Sitting too much interferes with “mental skills that help people plan, organize and pay attention.” That’s what California researchers found when they followed 3,200 study participants’ television watching and exercise habits over twenty-five years.
Those who watched more than 3 hours of television a day performed worse on three tests of cognitive function “that assessed the speed at which they processed information, their verbal memory and executive function.” Those “who both exercised the least and watched more than 3 hours of TV per day were twice as likely to perform poorly on the cognitive tests, compared with those who spent little time watching TV but exercised more.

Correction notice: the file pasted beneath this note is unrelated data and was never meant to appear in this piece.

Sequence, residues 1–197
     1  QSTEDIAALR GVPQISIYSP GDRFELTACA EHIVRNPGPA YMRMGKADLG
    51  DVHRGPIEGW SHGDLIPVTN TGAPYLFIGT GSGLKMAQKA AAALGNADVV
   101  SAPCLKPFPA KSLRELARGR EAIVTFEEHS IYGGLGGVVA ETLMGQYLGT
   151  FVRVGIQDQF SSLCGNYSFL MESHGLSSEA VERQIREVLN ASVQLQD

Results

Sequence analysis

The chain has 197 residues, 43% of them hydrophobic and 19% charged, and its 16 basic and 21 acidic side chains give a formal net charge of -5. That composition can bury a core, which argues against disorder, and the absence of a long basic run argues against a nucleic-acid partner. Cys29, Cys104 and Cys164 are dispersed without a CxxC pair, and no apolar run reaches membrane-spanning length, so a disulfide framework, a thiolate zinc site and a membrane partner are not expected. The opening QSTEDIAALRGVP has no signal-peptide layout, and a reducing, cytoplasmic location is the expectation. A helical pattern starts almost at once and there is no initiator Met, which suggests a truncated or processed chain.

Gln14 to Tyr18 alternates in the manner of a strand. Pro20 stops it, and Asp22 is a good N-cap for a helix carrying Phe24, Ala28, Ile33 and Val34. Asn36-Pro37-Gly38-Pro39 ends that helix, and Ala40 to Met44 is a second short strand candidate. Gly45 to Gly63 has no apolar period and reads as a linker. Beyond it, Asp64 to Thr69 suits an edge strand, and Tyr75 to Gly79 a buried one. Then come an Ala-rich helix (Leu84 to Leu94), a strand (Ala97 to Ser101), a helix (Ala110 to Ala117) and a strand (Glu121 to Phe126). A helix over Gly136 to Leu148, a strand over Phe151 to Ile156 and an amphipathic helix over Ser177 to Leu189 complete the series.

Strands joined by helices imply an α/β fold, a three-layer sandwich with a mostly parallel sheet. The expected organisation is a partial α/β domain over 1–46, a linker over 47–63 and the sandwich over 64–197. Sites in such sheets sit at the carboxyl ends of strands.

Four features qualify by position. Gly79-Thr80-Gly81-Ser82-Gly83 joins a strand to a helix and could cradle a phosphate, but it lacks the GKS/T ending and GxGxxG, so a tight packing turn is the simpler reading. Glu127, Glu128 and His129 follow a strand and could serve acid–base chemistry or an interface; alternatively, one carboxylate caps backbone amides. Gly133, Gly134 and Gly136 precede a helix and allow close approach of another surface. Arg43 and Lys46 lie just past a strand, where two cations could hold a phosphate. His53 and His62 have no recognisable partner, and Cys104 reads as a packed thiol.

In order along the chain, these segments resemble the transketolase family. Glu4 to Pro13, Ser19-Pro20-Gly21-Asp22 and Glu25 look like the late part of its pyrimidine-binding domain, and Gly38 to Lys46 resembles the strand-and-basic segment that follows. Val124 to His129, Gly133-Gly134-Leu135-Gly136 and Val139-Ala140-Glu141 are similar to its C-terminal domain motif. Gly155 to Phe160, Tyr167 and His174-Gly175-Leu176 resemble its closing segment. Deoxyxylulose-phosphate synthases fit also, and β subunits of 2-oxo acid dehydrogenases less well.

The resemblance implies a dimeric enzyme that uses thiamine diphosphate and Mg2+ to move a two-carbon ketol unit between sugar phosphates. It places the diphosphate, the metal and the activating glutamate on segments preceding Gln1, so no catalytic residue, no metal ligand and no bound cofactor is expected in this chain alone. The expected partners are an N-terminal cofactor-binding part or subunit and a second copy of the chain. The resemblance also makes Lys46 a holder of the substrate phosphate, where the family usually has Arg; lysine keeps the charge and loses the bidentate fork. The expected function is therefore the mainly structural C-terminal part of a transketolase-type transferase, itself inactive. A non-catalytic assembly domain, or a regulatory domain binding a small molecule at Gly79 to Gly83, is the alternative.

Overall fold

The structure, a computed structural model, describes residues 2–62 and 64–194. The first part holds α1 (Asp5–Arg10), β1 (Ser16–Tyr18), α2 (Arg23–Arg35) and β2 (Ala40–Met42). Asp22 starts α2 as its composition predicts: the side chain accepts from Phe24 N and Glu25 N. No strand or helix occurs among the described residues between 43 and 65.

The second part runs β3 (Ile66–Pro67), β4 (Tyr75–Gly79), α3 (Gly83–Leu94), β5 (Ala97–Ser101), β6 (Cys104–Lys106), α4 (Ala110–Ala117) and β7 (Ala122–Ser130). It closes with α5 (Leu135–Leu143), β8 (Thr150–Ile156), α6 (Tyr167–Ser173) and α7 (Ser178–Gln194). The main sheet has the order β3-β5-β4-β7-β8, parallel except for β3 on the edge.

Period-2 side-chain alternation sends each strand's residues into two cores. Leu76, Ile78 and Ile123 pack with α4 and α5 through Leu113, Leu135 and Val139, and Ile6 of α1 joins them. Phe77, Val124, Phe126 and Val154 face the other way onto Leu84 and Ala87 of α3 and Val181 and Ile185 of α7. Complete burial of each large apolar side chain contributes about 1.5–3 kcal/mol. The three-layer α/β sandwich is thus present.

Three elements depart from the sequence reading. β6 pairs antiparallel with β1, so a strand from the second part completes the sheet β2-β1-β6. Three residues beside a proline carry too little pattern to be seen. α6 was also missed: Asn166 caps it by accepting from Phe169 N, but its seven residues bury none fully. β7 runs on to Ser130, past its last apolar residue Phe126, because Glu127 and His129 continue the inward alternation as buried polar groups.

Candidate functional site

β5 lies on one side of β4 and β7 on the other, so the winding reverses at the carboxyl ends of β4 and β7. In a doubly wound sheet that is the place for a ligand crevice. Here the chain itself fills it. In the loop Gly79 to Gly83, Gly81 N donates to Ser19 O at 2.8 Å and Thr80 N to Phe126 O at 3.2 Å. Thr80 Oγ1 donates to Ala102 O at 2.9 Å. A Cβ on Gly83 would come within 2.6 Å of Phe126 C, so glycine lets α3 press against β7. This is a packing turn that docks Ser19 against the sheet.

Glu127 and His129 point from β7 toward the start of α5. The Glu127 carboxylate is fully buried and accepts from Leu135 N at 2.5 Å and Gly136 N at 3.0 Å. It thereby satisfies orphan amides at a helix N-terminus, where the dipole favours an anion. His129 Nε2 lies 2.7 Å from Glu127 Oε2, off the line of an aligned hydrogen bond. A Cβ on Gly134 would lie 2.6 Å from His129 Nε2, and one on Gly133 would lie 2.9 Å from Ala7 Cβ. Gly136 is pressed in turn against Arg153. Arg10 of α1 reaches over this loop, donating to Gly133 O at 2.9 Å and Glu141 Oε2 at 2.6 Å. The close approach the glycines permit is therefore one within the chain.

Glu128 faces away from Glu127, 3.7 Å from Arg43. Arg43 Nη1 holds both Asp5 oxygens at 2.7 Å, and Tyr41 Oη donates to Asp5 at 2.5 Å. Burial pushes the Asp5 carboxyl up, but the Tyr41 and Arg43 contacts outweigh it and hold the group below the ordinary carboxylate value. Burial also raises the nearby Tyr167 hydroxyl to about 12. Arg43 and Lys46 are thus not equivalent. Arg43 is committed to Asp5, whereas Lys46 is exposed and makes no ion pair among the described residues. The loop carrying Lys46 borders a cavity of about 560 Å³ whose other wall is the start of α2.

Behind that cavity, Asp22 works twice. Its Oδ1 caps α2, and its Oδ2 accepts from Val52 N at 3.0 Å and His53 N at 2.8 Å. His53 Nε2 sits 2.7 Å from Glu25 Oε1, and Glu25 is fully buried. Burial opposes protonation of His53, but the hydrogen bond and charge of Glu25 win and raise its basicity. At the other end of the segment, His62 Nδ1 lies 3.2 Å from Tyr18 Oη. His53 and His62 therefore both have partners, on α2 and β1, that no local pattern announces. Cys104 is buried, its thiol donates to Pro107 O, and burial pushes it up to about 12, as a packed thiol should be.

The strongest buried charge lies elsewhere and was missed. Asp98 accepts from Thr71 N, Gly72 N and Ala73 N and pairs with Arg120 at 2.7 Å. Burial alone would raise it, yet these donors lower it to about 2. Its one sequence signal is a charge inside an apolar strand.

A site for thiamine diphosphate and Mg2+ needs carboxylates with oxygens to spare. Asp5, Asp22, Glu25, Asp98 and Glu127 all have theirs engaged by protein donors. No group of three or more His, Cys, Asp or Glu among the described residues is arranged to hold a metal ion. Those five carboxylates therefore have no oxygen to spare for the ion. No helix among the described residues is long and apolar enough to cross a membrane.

“It is not clear exactly why spending more time watching TV may be linked to worse cognitive performance later in life. One hypothesis is that television viewing is not a cognitively engaging way of spending time, Hoang said.
“Or it could be that people who watch a lot of TV and don't exercise much may have other unhealthy lifestyle habits, such as a poor diet, which might also contribute to their worse cognitive function, she said.”
Previous studies linked television watching to further cognitive decline, Alzheimer’s. One study found those who were physically inactive and whose primary recreational activity from ages 40 to 59 was television watching increased their risk for Alzheimer’s by 250%. Another found each one hour of television viewing from the ages 40 to 59 increases the risk of Alzheimer’s Disease by 1.3 times. Since 46% of the risk for Alzheimer’s is associated with heredity and 21% with physical inactivity, it could explain why television watching is especially detrimental to the cognitive function of some individuals.